July 1st, 2013 (F1plus).-Aside from the awful lack of solid structure on the Pirelli tyres this past Sunday, something else was clear, and that is Ferrari loss of pace when compared to the top teams.
Mercedes has notably improved to the point of having no opposition on qualifying, and now that one-lap pace seems to be transported to race trim as it was confirmed with Rosberg second victory three races.
Red Bull looks to have the best package overall, while Lotus seems to be loosing a bit of the edge. So, where does Ferrari stands?...hard to know, but regardless of the good news that means Alonso having reduced the gap on Vettel (thanks his gearbox failure for that), it does not seem as the F138 has the speed to match or truly challenge at this time.
Worse, it seems like other are moving up awhile Ferrari is starting to lag behind. This is something that could no be hold in secret anymore.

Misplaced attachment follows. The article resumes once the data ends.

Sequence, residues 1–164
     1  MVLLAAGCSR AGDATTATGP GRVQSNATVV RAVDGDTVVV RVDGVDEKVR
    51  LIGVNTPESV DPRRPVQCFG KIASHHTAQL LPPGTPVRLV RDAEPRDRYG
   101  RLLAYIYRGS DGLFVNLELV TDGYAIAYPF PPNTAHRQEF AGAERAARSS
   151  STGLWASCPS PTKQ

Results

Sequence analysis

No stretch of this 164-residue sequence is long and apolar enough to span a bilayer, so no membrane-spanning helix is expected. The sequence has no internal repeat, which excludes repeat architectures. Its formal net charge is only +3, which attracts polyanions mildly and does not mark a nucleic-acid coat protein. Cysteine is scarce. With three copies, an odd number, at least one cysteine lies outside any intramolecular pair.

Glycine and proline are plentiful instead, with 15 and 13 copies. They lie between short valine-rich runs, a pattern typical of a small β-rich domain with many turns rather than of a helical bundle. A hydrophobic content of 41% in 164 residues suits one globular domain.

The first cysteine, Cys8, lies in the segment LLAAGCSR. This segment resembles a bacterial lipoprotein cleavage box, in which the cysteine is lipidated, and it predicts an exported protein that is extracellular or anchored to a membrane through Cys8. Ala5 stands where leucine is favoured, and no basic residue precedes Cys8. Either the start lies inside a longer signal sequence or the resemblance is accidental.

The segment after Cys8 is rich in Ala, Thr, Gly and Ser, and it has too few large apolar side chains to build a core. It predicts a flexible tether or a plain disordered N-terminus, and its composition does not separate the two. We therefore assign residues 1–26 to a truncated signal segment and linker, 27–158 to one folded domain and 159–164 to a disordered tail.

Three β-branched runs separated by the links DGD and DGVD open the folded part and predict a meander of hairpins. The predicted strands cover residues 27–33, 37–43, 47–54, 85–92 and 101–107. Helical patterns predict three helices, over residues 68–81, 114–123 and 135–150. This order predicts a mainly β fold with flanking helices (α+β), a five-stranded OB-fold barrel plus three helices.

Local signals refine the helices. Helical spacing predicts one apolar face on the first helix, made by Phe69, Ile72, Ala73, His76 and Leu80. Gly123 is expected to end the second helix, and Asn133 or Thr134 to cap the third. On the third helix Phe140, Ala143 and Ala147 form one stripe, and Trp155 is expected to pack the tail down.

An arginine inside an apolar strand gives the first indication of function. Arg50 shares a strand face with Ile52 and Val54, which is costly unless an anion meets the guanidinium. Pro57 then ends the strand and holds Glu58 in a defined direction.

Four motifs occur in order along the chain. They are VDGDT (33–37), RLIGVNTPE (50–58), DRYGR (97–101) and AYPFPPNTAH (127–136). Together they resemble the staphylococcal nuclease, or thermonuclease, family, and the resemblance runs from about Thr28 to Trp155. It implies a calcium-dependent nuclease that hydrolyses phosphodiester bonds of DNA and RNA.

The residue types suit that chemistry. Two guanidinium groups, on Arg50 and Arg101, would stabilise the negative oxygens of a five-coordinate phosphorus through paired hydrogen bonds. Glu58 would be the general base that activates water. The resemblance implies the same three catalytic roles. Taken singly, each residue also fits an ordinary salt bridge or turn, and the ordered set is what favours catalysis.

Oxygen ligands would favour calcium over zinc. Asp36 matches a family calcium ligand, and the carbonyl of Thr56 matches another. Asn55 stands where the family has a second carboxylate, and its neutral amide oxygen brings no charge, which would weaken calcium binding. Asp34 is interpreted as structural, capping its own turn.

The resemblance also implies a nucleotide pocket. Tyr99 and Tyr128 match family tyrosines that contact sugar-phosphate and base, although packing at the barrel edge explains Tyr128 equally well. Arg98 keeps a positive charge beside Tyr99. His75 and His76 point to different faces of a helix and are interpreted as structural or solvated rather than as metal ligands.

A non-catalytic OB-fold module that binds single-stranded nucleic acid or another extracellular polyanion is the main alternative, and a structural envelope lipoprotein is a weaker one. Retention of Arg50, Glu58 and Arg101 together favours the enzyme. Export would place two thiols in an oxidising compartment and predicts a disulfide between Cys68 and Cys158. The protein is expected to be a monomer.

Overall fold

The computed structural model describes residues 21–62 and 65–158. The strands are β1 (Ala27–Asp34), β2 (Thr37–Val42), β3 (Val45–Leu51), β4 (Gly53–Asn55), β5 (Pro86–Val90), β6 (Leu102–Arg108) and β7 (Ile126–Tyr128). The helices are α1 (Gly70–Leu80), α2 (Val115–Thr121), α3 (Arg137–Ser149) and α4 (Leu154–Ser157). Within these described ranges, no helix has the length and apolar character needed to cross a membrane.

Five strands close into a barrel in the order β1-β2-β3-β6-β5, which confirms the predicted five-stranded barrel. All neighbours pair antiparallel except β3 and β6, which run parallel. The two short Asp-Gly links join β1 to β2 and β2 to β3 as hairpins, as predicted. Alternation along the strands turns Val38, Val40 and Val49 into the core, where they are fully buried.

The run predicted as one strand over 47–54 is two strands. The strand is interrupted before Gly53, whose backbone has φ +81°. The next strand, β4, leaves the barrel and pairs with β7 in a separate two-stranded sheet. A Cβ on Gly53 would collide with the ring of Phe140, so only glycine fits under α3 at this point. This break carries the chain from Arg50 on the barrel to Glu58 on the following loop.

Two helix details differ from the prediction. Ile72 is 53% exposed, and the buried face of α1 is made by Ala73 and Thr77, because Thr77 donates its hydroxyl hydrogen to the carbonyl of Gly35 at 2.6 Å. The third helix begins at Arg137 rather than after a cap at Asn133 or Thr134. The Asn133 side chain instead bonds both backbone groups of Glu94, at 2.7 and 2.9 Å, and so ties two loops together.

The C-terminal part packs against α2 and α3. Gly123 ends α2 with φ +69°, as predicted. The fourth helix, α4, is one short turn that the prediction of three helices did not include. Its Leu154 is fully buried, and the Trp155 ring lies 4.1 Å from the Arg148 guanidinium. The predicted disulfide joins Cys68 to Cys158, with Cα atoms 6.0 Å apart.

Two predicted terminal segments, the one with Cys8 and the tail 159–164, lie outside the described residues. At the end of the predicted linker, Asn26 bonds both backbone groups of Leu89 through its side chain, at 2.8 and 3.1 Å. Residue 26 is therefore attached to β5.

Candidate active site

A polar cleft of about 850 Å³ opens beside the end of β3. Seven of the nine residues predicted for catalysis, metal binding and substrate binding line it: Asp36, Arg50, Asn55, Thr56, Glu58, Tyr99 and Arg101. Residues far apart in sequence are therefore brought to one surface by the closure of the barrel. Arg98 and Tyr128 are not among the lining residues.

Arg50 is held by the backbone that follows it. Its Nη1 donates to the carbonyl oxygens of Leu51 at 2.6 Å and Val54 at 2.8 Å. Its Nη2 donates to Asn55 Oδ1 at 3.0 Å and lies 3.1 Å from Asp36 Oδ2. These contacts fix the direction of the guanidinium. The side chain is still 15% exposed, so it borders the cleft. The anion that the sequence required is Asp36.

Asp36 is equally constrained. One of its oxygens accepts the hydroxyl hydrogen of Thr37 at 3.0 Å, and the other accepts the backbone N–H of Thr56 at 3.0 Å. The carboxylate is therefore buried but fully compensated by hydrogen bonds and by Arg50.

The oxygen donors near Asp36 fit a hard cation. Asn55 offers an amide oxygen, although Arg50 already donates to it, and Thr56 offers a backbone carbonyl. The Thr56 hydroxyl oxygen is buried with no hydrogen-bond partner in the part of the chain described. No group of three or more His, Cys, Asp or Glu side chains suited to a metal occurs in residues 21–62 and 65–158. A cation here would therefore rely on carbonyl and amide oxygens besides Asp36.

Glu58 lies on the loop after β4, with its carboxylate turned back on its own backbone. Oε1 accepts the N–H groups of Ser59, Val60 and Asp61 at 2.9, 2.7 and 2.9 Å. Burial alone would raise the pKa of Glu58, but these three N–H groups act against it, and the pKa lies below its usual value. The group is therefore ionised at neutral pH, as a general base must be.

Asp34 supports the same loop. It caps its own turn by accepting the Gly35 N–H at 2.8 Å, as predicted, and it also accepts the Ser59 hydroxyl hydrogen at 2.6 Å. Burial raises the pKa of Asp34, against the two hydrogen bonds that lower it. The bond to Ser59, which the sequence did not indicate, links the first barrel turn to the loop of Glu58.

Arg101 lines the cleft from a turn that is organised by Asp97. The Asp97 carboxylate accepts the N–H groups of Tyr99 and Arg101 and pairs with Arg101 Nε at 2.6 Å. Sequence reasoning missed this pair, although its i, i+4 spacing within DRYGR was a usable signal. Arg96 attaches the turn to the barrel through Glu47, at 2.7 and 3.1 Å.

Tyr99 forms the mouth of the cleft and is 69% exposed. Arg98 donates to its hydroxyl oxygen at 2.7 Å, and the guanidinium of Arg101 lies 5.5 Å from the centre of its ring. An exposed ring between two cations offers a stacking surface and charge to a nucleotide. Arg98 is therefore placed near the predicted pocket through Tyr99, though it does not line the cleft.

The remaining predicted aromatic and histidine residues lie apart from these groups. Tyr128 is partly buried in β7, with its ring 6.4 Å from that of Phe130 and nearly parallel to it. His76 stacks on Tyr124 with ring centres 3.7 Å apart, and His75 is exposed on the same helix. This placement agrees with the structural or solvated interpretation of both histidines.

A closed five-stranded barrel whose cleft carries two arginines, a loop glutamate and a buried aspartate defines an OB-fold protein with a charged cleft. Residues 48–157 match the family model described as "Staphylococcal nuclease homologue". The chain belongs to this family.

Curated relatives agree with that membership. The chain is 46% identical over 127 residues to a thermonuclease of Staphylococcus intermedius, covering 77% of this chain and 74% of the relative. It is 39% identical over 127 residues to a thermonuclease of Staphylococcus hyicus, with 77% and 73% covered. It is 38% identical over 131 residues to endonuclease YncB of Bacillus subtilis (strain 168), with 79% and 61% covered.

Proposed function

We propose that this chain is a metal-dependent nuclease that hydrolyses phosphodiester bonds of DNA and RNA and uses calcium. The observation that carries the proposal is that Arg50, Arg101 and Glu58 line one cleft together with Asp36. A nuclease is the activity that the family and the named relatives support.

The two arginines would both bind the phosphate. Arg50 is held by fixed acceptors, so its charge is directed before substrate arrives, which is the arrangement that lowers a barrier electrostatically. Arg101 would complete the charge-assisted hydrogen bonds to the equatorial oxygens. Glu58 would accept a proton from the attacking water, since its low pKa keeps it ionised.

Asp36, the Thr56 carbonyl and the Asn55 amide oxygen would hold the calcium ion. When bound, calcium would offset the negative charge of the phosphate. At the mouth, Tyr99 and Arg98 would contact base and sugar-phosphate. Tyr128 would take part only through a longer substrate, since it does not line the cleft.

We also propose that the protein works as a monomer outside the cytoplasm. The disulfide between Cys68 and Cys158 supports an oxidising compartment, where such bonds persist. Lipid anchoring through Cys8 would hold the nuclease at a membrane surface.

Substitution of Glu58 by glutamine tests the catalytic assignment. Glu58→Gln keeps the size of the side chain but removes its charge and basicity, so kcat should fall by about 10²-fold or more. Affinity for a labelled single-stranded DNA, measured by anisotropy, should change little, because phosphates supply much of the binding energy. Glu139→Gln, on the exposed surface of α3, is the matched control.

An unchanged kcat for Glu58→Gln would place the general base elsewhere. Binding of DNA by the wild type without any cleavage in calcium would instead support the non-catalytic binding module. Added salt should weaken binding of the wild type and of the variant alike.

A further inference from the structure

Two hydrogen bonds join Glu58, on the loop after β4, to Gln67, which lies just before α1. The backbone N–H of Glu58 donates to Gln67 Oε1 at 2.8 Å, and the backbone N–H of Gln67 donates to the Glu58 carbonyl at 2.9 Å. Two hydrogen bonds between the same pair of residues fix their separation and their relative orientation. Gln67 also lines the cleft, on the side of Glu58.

As such, Stefano Domenicali has refused to rebuke Fernando Alonso for questioning the lagging development of Ferrari's 2013 car.
Spaniard Alonso qualified tenth but finished the British grand prix in third place, taking a bite out of Sebastian Vettel's championship lead after the leading Red Bull broke down at Silverstone.
"We saw this weekend that the pace is not good enough," he said afterwards.
Earlier, Alonso had pointed a finger at a trend of backwards development coming out of the Maranello factory.
"Fernando's analysis is one that I share," team boss Domenicali told the Italian newspaper La Stampa. "We have made the car worse.
"Now we need to analyse all the data to find the reasons for this step backwards, and make a solution.
"The drivers are in a difficult position psychologically, so it's important to reassure them," he added.
Domenicali also put his support behind Brazilian Felipe Massa, who has suffered multiple crashes in recent races, including yet another in Silverstone practice.
Some have suggested the accidents are denting Massa's chances of a 2014 contract.
"He needs to feel the confidence of the team, so that everything can be perfect in the next races," said Domenicali.
"Adding pressure serves neither the driver or the team."